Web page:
Andy Warhol piece feature Wayne Gretzky. (sedinitronic/Twitter)

B.C. lawsuit over Andy Warhol’s art of Wayne Gretzky moves ahead

A Vancouver-based fine art dealer made a deal with Warhol for rights to artwork in 1983

A Vancouver-based art dealer’s lawsuit involving photos of hockey legend Wayne Gretzky taken by American artist Andy Warhol is moving ahead.

In 1983, Frans Wynans, founder of Vancouver-based fine art dealer Cascadia Fine Art, entered into an agreement with Gretzky and Warhol for rights to artwork that Warhol was to create from Polaroid photos he took of Gretzky that year.

Wynans paid Gretzky’s personal service corporation $50,000 and Warhol US$175,000 to obtain certain rights to the art, including six paintings, 300 limited addition prints signed by Gretzky and Warhol, and 50,000 posters.

According to court documents, Warhol took the photos and created the paintings, prints and “presumably” the posters, and Wynans marketed them as outlined in the agreement.

Warhol died in 1987, and as stated in his will, the Andy Warhol Foundation for the Visual Arts was to receive most of his estate, including the photographs of Gretzky and unpublished prints.

Wynans filed a civil claim in 2013, arguing the foundation was marketing the Polaroids in breach of its agreement and that he should be paid damages. He amended the claim to include the unpublished prints in 2015. The Warhol foundation denied Wynans had any rights to the material.

READ MORE: B.C. man not guilty after pouring boiling water on roommate in egg dispute

After five years of delays on both sides, the foundation applied to have the claim dismissed because Wynans was taking so long.

Last week, B.C. Supreme Court Justice Geoffrey B. Gomery ruled the art dealer had failed to take steps to move the matter forward, and so caused an “excessive” and “inexcusable” delay.

The judge said the foundation can reapply to dismiss the lawsuit if Wynans has not issued a notice of trial within 60 days or if he decides to apply to adjourn the trial.



joti.grewal@bpdigital.ca

Like us on Facebook and follow us on Twitter

Just Posted

Fires still burning near Telegraph Creek

BC Wildfire Service assures residents of a proactive plan heading into wildfire season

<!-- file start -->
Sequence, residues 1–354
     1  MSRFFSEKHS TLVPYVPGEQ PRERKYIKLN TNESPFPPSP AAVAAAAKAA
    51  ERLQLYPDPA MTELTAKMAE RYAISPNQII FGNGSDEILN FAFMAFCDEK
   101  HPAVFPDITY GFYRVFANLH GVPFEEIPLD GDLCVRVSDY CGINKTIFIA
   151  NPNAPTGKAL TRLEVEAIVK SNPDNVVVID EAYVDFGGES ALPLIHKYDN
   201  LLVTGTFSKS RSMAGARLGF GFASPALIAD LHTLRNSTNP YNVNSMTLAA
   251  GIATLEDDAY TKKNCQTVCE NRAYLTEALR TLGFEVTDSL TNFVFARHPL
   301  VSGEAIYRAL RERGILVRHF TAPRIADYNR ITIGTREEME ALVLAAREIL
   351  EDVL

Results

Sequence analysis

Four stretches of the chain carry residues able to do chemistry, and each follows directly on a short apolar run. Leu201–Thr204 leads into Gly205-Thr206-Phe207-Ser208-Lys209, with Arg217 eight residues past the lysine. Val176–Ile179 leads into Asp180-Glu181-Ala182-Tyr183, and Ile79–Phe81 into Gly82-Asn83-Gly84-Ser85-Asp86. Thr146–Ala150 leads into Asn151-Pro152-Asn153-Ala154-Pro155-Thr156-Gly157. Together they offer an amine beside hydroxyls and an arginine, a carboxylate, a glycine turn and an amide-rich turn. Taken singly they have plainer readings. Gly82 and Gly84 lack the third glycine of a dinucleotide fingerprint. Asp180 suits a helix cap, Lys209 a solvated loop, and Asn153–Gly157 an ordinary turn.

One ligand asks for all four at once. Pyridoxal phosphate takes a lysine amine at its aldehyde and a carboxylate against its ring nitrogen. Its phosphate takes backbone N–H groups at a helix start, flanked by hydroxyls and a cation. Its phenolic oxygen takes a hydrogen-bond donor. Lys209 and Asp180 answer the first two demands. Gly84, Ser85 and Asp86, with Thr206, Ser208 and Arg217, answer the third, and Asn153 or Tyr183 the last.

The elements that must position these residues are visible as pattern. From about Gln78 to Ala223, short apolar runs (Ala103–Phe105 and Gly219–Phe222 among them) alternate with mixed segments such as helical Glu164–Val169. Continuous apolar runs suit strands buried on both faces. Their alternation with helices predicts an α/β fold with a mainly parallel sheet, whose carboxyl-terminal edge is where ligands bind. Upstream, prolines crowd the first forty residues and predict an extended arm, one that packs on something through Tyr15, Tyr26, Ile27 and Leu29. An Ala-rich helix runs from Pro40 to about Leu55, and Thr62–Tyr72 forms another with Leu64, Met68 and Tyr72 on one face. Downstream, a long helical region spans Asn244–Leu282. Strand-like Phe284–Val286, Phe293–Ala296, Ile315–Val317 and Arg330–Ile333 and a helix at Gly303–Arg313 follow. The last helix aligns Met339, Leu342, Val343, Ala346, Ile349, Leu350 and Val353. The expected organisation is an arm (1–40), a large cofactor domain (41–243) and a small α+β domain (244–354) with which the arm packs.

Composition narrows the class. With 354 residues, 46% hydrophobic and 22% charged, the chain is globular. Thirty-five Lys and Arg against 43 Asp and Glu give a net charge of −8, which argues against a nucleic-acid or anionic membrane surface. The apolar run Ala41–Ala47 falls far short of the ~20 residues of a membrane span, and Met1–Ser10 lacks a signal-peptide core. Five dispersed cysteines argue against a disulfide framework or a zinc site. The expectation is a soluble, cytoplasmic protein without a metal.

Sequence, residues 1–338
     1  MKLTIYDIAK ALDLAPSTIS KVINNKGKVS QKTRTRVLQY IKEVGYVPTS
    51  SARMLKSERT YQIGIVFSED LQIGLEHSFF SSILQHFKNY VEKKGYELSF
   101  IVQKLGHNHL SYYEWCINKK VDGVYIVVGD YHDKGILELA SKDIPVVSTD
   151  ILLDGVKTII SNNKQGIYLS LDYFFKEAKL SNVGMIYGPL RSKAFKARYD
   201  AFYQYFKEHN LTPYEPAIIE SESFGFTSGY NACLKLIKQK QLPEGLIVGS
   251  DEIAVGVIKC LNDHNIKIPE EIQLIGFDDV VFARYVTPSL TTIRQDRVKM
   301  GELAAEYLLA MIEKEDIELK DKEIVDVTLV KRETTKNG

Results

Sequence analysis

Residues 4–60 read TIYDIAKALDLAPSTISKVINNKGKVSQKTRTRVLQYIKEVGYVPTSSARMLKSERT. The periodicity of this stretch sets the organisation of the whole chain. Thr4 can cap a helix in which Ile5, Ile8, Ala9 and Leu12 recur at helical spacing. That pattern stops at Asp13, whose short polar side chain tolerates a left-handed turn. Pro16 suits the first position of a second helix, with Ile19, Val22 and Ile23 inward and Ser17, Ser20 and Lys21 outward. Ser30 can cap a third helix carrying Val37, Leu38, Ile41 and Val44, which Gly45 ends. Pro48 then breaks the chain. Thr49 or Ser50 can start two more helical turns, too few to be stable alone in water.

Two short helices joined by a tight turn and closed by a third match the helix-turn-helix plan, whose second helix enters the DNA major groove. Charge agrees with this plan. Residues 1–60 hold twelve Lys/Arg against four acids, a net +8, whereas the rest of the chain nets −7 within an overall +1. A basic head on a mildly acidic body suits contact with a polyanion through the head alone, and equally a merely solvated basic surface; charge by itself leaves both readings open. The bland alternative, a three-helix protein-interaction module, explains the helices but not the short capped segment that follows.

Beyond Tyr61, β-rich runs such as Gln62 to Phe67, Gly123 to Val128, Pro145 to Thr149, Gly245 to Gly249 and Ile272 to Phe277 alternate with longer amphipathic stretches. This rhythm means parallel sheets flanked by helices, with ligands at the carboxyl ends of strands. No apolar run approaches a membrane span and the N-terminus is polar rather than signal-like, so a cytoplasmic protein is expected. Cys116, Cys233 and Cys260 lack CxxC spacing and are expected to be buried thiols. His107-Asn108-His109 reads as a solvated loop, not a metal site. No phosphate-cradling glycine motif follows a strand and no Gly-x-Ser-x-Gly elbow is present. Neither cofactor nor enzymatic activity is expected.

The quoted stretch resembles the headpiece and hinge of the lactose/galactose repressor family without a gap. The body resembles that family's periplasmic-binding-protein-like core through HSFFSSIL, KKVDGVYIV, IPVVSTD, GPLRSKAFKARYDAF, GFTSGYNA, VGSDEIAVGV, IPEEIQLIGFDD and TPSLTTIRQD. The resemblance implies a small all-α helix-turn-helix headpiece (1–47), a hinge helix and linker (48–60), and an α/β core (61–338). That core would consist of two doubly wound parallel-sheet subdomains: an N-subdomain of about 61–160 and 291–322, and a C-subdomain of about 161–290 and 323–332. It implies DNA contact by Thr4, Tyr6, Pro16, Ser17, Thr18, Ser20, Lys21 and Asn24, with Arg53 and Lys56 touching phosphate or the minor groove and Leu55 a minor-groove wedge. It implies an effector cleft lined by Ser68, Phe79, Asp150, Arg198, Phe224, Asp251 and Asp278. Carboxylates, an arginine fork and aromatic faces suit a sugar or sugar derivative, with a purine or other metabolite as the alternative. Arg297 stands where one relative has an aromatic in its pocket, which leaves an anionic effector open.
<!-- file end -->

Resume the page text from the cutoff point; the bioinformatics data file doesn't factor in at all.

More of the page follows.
Northwest entrepreneurs pitch their plans for cash prizes

ThriveNorth announces 12 finalists in this year’s business challenge

Gas prices spike in northern B.C. ahead of the long weekend

Fuel went up 17 cents overnight in Prince Rupert

Cyclist braking stigma on addiction from coast to coast

Mathew Fee aims at world record for longest distance on BMX bike while sharing his story of recovery

Hotcakes

On April 6 there was a community pancake breakfast held at the… Continue reading

VIDEO: Alberta man creates world’s biggest caricature

Dean Foster is trying to break the world record for a radio show contest

B.C. RCMP receive application for Police Cat Services

RCMP announced the launch of the Police Cat Services unit as an April fools joke

Kirkland Signature veggie burgers recalled due to possible metal fragments

Recalled products came in 1.7 kg packages with a best before date of Apr. 23, 2019

Chaos at the ferry terminal for people heading from Vancouver to the Island

Easter crowds create backlog at Tsawwassen ferry terminal

Parents of 13 who tortured children get life after hearing victims

One of their daughters fled their home and pleaded for help to a 911 operator

Flooding, climate change force Quebecers to rethink relationship with water

Compensation for victims of recurring floods limit to 50% of a home’s value, or a maximum of $100,000

Storms blast South, where tornadoes threaten several states

9.7 million people in the Carolinas and Virginia at a moderate risk of severe weather

Private cargo ship brings Easter feast to the space station

There are three Americans two Russians and one Canadian living on the space station

Notre Dame rector: “Computer glitch” possible fire culprit

The fire burned through the lattice of oak beams supporting the monument’s vaulted stone ceiling

Most Read